SAVE VIKING WATERFORD ACTION GROUP

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SVWAG

Information on Supporting our
Campaign for a Full Excavation

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About the Save Viking Waterford Action Group

Woodstown - what we know so far - (October 2004) ...
Woodstown - what the newspapers tell us ...
Woodstown - the historical implications ...
Woodstown - what next ...

The group was formed to campaign for the preservation of the Woodstown Viking Site, just outside Waterford City, the discovery of which was made public in early 2004.

The SVWAG quickly formulated five key objectives to ensure the protection of what has been described as “one of the most important Viking sites remaining in Europe”.

The SVWAG action group is comprised of local people, who recognise that Waterford badly needs the proposed bypass, but believe that the road should not be constructed at the expense of our shared heritage and that the road can and should go ahead but in tandem with the excavation of the site.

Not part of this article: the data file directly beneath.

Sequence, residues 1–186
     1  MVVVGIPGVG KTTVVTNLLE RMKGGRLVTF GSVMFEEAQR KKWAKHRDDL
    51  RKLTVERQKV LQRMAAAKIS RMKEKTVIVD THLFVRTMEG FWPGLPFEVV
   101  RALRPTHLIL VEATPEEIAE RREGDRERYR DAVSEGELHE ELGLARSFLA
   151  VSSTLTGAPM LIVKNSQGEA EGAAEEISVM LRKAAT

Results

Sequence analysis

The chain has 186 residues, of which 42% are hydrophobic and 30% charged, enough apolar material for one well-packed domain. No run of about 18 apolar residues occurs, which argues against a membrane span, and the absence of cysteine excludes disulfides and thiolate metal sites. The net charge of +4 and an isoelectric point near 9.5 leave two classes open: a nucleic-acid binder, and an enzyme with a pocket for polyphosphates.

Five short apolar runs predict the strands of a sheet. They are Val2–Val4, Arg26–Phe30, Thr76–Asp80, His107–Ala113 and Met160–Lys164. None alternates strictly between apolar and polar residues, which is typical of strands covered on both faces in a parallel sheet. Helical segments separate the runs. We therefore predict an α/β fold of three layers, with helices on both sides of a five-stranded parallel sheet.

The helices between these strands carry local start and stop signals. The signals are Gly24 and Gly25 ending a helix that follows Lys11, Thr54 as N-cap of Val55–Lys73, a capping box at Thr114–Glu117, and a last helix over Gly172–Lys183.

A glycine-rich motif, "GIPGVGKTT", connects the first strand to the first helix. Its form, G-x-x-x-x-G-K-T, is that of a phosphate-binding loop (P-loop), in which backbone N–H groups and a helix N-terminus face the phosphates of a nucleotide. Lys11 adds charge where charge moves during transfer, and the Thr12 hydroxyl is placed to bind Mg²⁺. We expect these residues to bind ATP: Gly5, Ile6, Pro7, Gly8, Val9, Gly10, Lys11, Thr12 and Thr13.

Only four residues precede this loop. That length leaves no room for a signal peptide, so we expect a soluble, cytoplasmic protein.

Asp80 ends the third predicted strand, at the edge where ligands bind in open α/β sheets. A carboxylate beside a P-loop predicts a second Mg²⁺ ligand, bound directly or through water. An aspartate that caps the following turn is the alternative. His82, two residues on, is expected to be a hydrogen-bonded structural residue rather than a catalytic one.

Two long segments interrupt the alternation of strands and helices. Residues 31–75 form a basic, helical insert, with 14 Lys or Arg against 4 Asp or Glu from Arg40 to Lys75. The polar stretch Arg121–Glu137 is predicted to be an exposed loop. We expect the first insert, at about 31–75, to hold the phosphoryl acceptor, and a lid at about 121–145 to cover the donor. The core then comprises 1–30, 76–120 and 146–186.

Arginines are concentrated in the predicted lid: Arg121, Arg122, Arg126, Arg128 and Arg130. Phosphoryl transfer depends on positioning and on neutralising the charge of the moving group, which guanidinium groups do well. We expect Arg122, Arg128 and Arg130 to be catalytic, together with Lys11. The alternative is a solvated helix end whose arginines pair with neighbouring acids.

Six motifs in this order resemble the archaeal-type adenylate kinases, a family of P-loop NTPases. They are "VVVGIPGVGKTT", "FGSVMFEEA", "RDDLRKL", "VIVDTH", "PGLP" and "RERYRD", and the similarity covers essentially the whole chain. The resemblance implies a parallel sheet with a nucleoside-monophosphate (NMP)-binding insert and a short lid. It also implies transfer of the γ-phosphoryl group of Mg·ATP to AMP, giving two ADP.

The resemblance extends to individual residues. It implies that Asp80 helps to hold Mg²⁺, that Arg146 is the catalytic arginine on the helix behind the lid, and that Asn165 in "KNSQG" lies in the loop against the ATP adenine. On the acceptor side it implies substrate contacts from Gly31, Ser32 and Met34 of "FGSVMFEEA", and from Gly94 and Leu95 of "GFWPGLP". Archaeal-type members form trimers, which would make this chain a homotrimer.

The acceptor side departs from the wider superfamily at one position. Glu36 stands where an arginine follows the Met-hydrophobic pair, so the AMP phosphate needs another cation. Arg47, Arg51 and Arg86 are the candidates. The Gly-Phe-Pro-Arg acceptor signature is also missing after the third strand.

Since it’s inception the SVWAG has maintained a website, taken thousands of signatures on our petition, held public lectures with leading academics, produced a fact-sheet outlining our knowledge of the Woodstown Viking Site, organised a field-trip to Woodstown, addressed several local schools and done our best to keep the pressure on the government by repeatedly calling for the full excavation of Woodstown.

We have received messages of support from across Ireland and beyond, from those who do not want to see the destruction of what is potentially one of the most important archaeological sites in Europe

Woodstown - What We Know So Far ...